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Swirls and Eddies: Tennis

Major collection: Science & Technology
Named collection: Harold E. Edgerton Collection
Object type: negative
Maker: Date made: 1939
Materials: synthetic
Measurements: 8" x 10"

In the 19th century, French physiologist Etienne-Jules Marey made multiple-exposure studies of people and animals in motion. In order to isolate the movements of particular body parts, he often draped his subjects in black cloth. This photo of a tennis swing is reminiscent of the fluid images of Marey. Edgerton, like Marey, clothed his tennis player in black in order to focus better on the racket, the ball, and the athlete's hands and face. But what Marey had to accomplish with mechanical shutters and rotating glass plates, Edgerton's strobe made simple. At 120 flashes per second, each increment of a tennis player's movement was caught on film. This photograph was selected by Edward Steichen for The Museum of Modern Art's collection. (see "Stopping Time" (1987), pp. 84-5) (CC)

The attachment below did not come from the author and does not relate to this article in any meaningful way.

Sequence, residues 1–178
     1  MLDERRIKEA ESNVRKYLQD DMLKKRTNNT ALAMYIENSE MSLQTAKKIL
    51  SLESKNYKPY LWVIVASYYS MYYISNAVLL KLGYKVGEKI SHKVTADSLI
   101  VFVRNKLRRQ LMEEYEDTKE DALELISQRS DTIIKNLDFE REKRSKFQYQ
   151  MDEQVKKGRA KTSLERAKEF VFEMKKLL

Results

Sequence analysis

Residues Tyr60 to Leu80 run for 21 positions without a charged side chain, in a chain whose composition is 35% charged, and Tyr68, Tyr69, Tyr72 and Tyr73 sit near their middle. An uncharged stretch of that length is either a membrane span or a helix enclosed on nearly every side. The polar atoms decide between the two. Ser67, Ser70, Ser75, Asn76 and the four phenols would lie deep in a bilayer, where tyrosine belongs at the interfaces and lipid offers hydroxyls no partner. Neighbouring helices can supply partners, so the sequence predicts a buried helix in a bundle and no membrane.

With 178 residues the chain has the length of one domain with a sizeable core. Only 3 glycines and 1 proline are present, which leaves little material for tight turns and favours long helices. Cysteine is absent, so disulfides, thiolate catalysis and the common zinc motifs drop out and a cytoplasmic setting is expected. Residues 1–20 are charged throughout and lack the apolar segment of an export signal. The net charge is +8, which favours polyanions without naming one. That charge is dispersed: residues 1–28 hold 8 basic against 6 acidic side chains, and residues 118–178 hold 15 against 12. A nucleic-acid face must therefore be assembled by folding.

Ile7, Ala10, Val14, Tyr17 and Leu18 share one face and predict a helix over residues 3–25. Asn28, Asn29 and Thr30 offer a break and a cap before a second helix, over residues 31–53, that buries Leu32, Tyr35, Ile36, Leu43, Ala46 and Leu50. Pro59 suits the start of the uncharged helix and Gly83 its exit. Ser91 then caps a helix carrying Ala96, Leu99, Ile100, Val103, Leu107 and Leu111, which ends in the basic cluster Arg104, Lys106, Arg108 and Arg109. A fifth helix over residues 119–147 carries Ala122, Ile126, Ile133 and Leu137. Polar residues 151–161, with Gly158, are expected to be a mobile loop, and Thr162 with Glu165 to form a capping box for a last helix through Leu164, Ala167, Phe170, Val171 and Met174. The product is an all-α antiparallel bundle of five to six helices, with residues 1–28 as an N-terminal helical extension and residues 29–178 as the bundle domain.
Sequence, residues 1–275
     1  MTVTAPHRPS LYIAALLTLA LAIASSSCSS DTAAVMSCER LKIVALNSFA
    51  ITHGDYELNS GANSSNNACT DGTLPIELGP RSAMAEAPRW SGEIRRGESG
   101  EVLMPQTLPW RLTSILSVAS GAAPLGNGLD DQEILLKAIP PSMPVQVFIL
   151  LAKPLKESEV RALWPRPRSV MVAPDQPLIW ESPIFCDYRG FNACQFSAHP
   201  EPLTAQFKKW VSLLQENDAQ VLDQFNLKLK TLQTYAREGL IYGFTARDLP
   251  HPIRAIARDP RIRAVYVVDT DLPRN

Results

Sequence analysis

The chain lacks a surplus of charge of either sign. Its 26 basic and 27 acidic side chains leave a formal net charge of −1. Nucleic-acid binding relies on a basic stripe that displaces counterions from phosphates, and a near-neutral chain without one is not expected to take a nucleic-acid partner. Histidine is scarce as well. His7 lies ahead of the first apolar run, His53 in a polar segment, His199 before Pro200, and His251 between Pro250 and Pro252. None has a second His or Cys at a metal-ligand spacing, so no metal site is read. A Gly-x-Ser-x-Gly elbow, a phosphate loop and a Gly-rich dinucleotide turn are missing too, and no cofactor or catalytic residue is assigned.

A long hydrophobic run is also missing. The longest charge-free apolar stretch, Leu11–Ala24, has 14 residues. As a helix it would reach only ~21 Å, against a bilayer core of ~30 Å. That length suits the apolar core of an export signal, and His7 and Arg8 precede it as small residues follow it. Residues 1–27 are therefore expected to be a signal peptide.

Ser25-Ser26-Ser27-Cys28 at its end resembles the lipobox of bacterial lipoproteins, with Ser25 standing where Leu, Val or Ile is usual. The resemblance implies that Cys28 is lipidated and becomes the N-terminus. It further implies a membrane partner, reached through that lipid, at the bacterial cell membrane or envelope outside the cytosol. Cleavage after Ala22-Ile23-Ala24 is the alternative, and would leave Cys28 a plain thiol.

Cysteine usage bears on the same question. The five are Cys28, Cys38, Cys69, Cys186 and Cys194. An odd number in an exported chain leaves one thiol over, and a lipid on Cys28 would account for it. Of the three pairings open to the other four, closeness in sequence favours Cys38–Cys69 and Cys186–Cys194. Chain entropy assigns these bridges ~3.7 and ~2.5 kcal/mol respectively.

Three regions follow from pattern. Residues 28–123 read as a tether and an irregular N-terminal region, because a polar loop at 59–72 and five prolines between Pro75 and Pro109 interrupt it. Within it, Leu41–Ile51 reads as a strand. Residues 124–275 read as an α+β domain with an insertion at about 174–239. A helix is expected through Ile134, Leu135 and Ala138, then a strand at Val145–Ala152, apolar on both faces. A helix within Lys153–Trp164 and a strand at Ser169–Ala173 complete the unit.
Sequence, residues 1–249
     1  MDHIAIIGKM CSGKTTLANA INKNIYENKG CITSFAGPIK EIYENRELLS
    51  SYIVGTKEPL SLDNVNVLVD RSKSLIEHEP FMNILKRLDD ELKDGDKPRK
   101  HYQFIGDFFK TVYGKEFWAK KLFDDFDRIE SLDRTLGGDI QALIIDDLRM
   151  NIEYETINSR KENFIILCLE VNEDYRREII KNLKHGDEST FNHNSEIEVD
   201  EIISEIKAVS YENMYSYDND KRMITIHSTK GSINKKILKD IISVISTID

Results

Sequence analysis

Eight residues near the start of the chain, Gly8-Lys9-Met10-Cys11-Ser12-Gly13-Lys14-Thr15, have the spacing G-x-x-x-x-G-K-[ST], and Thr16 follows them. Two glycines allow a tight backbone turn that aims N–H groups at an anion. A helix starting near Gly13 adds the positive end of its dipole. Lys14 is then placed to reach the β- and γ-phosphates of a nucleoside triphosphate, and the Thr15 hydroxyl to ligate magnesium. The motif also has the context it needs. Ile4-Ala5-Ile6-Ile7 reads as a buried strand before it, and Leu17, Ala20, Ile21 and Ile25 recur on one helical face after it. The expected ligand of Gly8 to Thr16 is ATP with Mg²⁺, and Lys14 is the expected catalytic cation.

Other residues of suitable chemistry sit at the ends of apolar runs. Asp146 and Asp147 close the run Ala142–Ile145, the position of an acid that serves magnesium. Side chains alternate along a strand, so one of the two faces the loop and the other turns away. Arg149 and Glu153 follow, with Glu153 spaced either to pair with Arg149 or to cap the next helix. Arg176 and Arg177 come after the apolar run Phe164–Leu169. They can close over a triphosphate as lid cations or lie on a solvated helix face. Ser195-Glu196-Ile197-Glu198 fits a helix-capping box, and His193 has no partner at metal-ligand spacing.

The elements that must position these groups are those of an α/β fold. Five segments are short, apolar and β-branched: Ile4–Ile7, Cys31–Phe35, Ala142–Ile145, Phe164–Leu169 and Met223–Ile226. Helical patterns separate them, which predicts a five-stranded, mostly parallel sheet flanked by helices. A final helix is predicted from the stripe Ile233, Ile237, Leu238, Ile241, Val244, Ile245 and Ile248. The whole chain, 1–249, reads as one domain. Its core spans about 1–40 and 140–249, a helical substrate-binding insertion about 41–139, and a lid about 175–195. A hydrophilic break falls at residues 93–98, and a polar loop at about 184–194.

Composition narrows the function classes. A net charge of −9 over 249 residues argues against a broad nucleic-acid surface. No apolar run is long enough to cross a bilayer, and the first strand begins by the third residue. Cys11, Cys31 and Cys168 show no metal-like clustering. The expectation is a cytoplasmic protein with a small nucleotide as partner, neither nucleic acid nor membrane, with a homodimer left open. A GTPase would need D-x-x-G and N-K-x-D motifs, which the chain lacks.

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thumbnail Multiflash Photography -- Harold E. Edgerton Negative Collection subject term
High Speed Photography